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Sparse representation for hyper/multi-spectral image analysis
To capture an image, a conventional RGB camera grossly quantizes the scene's radiance which results in the loss of useful spectral information. Hyper/Multi-spectral imaging is able to preserve this information very precisely, which makes this emerging imaging modality an attractive choice in applications ranging from remote sensing to medical imaging.
In my thesis, I propose novel methods to accomplish three fundamental tasks in hyper/multi-spectral image analysis, namely: (a) super-resolution of the images, (b) un-mixing of the spectra and (c) classification of the spectra/image features. The proposed methods are theoretically grounded in convex, non-convex and Bayesian sparse regression frameworks. The developed techniques have been published in the top-ranked conferences and journals in the fields of Computer Vision and Remote Sensing. These venues include IEEE Transactions on Pattern Analysis and Machine Intelligence, IEEE Transactions on Geosciences and Remote Sensing, IEEE Conference on Computer Vision and Pattern Recognition and European Conference on Computer Vision.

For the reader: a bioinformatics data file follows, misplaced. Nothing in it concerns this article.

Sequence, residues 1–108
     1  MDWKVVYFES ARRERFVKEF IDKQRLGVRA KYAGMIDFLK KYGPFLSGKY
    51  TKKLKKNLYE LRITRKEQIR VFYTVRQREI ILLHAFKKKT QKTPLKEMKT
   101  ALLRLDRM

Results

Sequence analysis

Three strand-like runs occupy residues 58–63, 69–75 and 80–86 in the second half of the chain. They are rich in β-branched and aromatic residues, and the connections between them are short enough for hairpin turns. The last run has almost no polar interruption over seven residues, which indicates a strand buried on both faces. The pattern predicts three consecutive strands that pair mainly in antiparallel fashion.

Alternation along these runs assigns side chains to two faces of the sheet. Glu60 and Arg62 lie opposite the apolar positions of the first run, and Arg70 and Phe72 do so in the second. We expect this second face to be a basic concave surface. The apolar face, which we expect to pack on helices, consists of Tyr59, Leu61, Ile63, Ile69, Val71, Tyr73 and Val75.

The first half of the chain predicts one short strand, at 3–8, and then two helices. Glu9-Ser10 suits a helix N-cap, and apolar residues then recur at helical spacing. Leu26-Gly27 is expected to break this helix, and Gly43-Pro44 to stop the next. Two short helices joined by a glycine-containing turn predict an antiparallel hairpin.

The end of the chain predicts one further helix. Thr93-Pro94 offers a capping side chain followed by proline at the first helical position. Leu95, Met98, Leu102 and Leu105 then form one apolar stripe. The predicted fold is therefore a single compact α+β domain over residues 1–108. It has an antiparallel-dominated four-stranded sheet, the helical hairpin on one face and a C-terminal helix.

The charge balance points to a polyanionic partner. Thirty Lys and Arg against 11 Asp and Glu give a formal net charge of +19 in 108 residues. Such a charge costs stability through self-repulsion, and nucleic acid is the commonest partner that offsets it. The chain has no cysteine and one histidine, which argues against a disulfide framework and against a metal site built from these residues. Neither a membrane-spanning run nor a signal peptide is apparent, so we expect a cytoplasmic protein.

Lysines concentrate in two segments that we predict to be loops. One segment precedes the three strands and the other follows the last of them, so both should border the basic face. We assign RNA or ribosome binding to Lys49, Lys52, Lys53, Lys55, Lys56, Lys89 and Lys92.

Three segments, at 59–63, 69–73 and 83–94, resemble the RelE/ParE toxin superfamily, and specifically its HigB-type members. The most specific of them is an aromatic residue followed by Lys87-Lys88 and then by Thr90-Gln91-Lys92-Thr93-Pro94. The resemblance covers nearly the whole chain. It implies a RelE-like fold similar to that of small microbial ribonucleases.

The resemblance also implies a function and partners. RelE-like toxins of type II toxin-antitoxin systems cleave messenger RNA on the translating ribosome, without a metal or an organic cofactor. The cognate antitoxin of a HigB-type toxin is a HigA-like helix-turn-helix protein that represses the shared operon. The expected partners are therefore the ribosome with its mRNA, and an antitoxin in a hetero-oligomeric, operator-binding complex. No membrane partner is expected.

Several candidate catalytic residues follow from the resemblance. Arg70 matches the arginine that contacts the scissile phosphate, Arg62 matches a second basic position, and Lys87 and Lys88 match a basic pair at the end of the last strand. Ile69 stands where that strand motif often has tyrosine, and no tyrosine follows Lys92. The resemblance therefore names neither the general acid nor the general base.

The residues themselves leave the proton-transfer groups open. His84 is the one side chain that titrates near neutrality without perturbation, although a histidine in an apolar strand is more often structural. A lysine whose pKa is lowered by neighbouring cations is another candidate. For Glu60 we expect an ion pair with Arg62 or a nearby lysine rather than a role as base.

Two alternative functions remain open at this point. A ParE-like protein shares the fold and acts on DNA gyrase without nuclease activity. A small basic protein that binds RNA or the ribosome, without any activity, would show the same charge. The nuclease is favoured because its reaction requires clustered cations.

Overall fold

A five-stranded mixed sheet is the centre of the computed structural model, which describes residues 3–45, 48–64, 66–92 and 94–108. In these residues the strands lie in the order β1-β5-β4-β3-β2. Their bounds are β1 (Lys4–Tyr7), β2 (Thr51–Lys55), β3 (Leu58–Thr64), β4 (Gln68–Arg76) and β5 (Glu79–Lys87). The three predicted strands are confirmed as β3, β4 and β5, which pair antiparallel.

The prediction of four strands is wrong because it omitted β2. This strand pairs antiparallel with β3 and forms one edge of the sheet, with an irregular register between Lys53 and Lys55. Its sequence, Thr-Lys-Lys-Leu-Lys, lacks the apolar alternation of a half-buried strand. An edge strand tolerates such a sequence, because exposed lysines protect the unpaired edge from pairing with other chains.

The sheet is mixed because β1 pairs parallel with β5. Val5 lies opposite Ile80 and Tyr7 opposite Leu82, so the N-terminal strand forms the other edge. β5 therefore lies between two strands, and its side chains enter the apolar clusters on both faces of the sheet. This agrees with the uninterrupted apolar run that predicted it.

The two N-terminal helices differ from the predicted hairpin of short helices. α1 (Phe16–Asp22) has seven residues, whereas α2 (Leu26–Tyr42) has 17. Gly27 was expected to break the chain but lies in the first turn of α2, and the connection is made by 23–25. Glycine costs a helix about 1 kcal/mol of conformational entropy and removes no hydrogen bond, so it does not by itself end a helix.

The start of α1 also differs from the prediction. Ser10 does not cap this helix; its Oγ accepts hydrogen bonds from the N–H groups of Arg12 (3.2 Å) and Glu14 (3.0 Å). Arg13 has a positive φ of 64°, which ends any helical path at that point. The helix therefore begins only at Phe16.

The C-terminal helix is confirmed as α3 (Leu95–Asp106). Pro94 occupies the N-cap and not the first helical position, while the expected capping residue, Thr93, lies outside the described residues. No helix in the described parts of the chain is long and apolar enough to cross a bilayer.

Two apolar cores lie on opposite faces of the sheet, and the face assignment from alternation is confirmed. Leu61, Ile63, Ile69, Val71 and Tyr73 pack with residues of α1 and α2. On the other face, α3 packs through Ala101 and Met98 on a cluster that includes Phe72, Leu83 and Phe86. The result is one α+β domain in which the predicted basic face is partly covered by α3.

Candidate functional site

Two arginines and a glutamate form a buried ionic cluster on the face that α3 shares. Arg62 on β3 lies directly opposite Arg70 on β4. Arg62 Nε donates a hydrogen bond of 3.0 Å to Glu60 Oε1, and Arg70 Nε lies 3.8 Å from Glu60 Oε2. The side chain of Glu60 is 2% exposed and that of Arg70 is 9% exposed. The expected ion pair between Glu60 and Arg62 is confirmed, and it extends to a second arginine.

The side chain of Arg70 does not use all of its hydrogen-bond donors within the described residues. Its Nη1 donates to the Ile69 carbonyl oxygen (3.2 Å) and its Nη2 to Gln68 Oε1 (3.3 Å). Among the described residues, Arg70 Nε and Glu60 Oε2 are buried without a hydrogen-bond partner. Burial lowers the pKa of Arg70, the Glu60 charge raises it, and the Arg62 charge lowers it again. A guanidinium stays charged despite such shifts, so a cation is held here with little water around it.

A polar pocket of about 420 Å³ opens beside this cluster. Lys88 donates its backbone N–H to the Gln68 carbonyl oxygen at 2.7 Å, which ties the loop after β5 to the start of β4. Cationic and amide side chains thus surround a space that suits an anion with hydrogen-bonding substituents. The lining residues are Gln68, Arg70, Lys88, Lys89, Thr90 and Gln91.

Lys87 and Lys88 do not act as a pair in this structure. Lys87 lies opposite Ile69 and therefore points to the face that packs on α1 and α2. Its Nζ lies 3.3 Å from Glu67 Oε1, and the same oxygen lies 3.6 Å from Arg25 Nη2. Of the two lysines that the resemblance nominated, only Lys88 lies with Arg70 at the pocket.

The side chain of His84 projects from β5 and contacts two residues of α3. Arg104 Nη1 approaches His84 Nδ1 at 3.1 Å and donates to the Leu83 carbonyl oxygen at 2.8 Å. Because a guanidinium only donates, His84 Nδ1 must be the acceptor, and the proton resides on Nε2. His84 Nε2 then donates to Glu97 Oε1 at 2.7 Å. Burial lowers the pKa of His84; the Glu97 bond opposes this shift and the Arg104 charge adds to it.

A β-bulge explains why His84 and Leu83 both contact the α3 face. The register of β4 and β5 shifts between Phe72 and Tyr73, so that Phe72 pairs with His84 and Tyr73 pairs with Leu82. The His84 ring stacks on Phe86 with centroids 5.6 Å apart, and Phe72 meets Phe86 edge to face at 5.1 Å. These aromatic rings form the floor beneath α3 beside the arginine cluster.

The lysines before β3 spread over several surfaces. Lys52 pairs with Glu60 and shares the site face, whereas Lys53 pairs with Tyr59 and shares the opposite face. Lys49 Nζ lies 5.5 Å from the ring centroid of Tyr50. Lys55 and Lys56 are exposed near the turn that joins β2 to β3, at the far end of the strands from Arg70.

Whereas hyper/multi-spectral cameras are able to preserve the spectral details precisely, as compared to the contemporary RGB cameras, their spatial resolution is very low due to hardware constraints. Currently, this is the bottleneck in the ubiquitous use of the hyper/multi-spectral imaging technology. The proposed methods of super-resolution remove this bottleneck by fusing the spatial information of the RGB cameras with hyper/multi-spectral images.
It is a natural phenomenon that the reflectance spectra of different materials on the Earth's surface get mixed together before they are sensed by an air/space-borne camera. An accurate un-mixing of the spectra is a vital prerequisite for effective analysis of hyperspectral images in remote sensing. The un-mixing methods proposed in the thesis achieved state-of-the-art performance on the real remote sensing images acquired by the NASA's remote sensing instruments.
Face, object and human-action recognition are long standing problems in Computer Vision. The thesis proposes sparse representation based techniques that can be generically applied to all of these problems. Moreover, these methods have also been enhanced for hyper/multi-spectral classification tasks.